20x34 2-story universal in upstate NY

Started by NathanS, May 13, 2016, 11:04:09 AM

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I've not run cordless saws, if you go corded I use the Makita's, good power to weight, price, etc. Switch failure is the most common problem.


Quote from: Don_P on September 08, 2016, 02:22:23 PM
I've not run cordless saws, if you go corded I use the Makita's, good power to weight, price, etc. Switch failure is the most common problem.

I second the Makita. 


Thanks everyone. It was just frustrating at the time because it pretty much burned the day.

I bought a 6.5" cordless Milwaukee and already sent the other saw out for warranty.. should be back next week. So I'll have two now and you know "two is one and one is none."

Still have my neighbors generator so I could have gone over to corded, but I'd need a good extension cord and it is really nice to not bother with a cord while up high.

I also have a lot of money in all these lithium batteries...

I did take a peak at the cheaper corded saws and yikes.


Corded I run a worm drive Skilsaw and cordless I run the Milwaukee that just crapped out on you. In the 10 years I've been running the Milwaukee, I've never had issue. One tip is to run a thin kirf blade, seems to make the batteries last a little longer.

Sorry yours didn't last, nothing more frustrating than having an essential tool like that crap out in the middle of a job.


The 6.5" cordless circular saw is getting the job done. It is not a brushless motor and is not as strong as the 7.25" saw that broke. Only really noticeable when ripping 2x stock to width. The other saw should be back by the end of this week. Also I find Diablo blades to be head and shoulders above the rest. I had to use some Lowes carbide tip for a few days and they were awful. Diablo blades are still made in Italy.

Waiting for paint to dry on the fly rafters and fascia. All sides primed and painted.

I'm planning to add a 'dummy' rafter tail once I have the fascia installed, otherwise just about ready to start sheathing. The plan is to lift sheathing through the stairwell opening, and then up to the roof where I have the 24" opening. I can build some staging up there so I can rest panels on the roof and slide into place.

I want to buy an aluminum pic/plank/staging with a couple ladder jacks as a 1 person movable scaffold. Lowes and homedepot both have a 14" x 16' 500lb plank for around $250, but it would take a month to ship. The only thing they have in store is 1 person 8-13' telescoping. Haven't had any luck on craigslist either.

Anyone have any other suggestions? I don't think pipe scaffolding is a good option for me. It would be hard to set up alone and seems very expensive.

Also our stove pipe arrived with flashing kit. I'm going to install that as soon as enough sheathing is in place to do it - but I should be able to stand on attic joists while working on it.


It's looking very good. I can actually one man pipe scaffold easier than ladder jacks and trying to get my 16' walkboard up on that solo. Don't care for telescoping boards. I was 5 bucks up on the back of the house recently and will need to build a double tower 4 bucks high on the front this week and drag the 16' up between them. But from that stable tower it isn't too hard solo with a piece of rope to bring the board over. With ladder jacks another person carrying up their end of the walkboard is just about necessary. The ladder jacks are faster and easier to move around though. I still have 6 or 7 sets of pump jacks but rarely use them, they are another way to go... just about need to have 2 people or rigging gets slow.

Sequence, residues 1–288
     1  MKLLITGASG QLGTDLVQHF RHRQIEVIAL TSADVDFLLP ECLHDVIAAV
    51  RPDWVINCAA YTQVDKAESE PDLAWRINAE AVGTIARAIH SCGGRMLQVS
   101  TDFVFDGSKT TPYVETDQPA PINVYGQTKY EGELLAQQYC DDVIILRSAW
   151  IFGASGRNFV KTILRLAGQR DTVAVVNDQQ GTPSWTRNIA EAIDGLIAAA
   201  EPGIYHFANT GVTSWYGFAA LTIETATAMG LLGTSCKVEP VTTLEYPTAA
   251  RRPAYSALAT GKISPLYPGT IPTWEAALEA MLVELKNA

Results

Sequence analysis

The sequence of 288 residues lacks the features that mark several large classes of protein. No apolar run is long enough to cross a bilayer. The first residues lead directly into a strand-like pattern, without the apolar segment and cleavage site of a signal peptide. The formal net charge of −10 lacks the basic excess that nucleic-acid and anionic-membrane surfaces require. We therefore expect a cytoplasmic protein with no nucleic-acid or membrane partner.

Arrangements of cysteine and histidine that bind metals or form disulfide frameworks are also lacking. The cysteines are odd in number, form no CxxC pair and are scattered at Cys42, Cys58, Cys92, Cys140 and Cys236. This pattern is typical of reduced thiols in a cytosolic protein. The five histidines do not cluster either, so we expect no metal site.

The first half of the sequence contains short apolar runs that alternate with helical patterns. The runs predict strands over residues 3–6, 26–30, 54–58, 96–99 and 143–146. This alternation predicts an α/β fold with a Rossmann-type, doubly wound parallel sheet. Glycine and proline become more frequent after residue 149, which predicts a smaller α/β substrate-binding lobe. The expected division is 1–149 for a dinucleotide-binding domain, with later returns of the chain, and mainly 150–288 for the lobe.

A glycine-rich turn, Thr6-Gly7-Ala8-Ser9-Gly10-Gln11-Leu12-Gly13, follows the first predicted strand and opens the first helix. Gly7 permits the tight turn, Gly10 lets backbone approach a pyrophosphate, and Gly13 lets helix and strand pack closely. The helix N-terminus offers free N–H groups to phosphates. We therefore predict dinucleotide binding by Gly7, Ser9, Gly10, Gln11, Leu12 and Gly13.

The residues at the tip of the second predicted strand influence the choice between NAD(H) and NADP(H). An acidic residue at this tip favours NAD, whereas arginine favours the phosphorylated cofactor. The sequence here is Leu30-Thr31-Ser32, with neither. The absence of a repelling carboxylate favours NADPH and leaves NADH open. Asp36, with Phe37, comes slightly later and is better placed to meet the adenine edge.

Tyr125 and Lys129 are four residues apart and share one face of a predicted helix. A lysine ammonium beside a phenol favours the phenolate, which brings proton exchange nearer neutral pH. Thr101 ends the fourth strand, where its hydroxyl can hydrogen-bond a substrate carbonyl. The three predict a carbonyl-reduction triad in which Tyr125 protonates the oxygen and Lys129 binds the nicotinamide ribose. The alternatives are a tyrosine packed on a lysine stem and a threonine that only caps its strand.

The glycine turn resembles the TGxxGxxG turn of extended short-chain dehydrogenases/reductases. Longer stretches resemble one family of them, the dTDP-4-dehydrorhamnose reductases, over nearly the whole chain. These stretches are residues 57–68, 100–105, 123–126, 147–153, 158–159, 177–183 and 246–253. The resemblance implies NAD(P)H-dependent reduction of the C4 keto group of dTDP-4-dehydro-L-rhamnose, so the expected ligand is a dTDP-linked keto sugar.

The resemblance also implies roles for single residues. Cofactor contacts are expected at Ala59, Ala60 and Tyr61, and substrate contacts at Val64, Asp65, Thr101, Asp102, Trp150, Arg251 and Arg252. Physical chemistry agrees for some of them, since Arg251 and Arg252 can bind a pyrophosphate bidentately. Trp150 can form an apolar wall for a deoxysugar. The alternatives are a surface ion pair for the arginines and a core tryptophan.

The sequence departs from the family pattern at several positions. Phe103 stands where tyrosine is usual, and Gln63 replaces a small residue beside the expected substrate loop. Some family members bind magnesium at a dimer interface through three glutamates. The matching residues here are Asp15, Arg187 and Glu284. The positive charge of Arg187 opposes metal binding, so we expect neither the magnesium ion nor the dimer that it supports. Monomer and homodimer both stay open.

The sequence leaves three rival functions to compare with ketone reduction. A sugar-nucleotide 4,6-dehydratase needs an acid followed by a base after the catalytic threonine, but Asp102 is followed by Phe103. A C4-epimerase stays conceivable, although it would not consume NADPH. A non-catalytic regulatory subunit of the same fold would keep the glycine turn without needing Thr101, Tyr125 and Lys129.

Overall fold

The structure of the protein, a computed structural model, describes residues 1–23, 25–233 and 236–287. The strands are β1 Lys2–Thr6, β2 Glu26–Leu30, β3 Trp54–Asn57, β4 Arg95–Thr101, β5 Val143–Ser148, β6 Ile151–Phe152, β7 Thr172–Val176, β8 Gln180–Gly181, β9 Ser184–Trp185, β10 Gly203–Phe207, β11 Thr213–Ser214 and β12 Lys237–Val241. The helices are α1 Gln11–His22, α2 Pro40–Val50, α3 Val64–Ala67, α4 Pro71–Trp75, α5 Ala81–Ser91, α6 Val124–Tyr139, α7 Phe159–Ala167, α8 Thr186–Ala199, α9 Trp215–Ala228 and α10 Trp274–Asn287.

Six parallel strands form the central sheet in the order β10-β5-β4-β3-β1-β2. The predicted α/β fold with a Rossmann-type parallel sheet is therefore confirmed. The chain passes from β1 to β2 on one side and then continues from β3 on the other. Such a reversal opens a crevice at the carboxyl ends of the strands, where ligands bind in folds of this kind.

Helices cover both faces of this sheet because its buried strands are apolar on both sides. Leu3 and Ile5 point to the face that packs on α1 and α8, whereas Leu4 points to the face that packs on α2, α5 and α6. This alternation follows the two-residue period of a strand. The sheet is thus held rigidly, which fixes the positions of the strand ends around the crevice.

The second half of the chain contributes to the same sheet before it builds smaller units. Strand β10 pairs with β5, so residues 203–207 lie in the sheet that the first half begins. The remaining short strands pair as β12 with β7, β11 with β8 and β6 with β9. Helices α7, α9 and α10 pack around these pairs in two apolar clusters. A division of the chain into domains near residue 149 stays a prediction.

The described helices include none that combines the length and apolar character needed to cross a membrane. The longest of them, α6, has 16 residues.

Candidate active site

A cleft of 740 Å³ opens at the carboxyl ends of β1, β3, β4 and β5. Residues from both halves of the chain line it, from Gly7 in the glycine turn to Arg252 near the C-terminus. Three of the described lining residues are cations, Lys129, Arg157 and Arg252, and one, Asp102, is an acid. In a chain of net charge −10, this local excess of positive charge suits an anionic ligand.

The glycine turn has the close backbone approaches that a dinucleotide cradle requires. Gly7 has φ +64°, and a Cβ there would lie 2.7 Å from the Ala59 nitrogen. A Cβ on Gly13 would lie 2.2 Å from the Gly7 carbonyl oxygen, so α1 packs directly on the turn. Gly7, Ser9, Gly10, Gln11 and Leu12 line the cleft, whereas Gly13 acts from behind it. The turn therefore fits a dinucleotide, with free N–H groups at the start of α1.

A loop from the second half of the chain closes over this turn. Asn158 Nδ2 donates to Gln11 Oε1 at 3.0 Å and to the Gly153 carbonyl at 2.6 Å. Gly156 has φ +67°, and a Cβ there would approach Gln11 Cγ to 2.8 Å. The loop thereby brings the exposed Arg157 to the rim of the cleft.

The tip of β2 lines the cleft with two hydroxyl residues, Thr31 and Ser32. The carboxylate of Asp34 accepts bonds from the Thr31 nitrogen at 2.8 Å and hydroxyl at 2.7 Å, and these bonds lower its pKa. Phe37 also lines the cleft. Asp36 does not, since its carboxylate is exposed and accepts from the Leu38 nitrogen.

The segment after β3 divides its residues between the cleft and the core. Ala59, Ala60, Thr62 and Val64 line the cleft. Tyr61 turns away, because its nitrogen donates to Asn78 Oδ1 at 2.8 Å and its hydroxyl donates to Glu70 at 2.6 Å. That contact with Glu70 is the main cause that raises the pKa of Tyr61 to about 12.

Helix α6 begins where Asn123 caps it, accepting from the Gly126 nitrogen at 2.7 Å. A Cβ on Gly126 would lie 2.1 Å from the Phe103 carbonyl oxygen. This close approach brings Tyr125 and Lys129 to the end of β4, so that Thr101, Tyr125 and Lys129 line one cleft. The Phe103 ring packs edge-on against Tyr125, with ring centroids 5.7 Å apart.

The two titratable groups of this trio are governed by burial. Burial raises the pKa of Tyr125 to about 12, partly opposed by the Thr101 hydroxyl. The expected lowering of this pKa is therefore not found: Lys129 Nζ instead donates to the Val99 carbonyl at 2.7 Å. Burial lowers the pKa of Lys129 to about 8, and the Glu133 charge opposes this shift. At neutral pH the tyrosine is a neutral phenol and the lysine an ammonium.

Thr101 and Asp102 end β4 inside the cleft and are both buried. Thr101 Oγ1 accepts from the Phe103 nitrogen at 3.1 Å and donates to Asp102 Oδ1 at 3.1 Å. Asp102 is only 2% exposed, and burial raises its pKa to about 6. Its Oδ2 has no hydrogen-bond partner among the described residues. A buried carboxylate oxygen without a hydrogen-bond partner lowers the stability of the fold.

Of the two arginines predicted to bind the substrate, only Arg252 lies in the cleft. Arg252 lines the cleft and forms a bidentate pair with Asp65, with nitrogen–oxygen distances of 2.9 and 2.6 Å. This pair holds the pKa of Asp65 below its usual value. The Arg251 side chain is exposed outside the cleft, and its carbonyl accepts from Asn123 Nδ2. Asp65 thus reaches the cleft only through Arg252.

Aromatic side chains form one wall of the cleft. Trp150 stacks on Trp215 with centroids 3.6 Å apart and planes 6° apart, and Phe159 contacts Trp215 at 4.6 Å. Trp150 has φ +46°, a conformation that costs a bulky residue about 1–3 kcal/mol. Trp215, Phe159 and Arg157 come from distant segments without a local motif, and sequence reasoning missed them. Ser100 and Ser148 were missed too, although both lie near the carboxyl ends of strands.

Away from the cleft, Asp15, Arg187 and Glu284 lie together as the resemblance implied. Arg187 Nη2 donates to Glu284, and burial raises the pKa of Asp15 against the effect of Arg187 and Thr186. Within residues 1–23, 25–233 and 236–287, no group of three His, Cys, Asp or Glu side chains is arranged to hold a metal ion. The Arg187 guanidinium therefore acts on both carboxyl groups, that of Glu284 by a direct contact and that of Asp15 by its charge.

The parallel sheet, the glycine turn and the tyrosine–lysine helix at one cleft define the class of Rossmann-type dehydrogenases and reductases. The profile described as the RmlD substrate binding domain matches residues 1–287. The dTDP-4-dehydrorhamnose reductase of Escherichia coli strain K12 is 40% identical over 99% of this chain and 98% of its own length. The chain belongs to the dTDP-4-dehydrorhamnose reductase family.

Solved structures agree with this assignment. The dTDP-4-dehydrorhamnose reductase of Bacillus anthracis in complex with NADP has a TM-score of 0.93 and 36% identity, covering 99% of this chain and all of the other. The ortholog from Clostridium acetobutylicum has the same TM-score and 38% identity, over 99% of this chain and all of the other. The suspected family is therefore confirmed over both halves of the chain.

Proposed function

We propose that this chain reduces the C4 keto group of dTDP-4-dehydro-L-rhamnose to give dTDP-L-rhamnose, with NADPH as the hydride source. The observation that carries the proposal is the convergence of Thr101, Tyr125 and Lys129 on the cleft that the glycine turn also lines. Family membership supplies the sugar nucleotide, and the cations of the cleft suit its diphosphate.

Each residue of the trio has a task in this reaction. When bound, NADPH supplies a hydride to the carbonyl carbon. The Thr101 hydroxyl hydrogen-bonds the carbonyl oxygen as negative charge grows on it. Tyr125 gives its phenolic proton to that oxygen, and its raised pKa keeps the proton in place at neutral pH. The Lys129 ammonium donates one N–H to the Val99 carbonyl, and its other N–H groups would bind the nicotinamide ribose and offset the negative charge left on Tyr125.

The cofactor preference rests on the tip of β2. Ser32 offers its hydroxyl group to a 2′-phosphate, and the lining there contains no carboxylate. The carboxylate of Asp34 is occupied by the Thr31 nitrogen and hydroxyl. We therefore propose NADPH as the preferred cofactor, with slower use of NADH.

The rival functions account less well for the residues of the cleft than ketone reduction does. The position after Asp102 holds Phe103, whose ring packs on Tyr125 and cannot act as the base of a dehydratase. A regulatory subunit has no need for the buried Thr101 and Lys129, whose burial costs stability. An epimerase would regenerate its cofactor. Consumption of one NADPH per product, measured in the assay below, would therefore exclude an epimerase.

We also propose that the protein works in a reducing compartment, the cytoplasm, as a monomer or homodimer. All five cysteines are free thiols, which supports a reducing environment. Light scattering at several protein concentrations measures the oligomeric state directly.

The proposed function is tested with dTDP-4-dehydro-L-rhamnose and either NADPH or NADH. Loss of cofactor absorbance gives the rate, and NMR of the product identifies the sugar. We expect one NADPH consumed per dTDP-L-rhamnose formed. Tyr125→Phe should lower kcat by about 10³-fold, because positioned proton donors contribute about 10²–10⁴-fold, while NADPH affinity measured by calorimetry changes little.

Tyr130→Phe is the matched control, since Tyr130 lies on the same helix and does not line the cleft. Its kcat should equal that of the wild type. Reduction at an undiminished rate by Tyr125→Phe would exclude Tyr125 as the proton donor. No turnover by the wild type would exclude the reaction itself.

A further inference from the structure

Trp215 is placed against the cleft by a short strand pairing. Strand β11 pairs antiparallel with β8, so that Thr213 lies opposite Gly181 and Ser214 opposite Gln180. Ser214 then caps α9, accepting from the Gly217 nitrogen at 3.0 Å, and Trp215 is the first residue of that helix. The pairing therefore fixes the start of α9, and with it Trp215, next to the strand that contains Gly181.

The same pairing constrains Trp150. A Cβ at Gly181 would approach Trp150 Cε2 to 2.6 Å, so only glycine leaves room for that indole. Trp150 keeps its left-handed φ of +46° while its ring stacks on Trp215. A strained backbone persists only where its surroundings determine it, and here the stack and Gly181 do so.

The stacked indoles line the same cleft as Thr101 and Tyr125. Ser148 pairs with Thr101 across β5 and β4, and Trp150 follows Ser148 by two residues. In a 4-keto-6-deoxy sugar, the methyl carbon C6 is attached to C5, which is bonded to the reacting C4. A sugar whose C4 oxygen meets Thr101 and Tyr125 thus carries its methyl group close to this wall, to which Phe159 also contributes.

That's good to know on the scaffold. I figured I could lean one end of the plank on a ladder jack and then walk the other end up.

I still probably have somewhere around 2-3 weeks on the roof (hopefully), then it's going to be wall sheathing, windows, exterior insulation and siding. I am not doing all that window trim without something to stand on.

The siding itself will be white pine, semi transparent stain covering all sides and cuts.

6" pine lap is like .44 cents a foot. I asked about cedar and it was over triple the price  [shocked] Can't be spending like 8 grand on siding.


Quote from: Don_P on September 11, 2016, 08:04:16 PM
It's looking very good. I can actually one man pipe scaffold easier than ladder jacks and trying to get my 16' walkboard up on that solo. Don't care for telescoping boards. I was 5 bucks up on the back of the house recently and will need to build a double tower 4 bucks high on the front this week and drag the 16' up between them. But from that stable tower it isn't too hard solo with a piece of rope to bring the board over. With ladder jacks another person carrying up their end of the walkboard is just about necessary. The ladder jacks are faster and easier to move around though. I still have 6 or 7 sets of pump jacks but rarely use them, they are another way to go... just about need to have 2 people or rigging gets slow.

I still like scaffolding.   Yes a little harder to set up with one person but the added stability and mobility is worth the time.  I only have two walk boards but I try to set the two sections of scaffolding close enough to reach from one to the other.  All in all by moving laterally I get 18' of work surface.  I can usually find some additional 2X material to span the scaffolding which acts as staging while moving the sections to the top and eventually as part of the work platform. 


Good to know.

Today was frustrating.. we were told by the salesperson and when we called Cabot that we should prime before using the solid oil based stain.

The dried paint peels off from a light fingernail scratch. Said forget it and cut some more rafters and put em up there. This set us back several days. Wife stained them everywhere after they were installed, except where the lookouts are attached. After the salesman sold it to us, wife noticed it said something about not using oil based stain, but when we called Cabot the lady said the label is confusing but solid oil stains should still be primed. Obviously that is incorrect.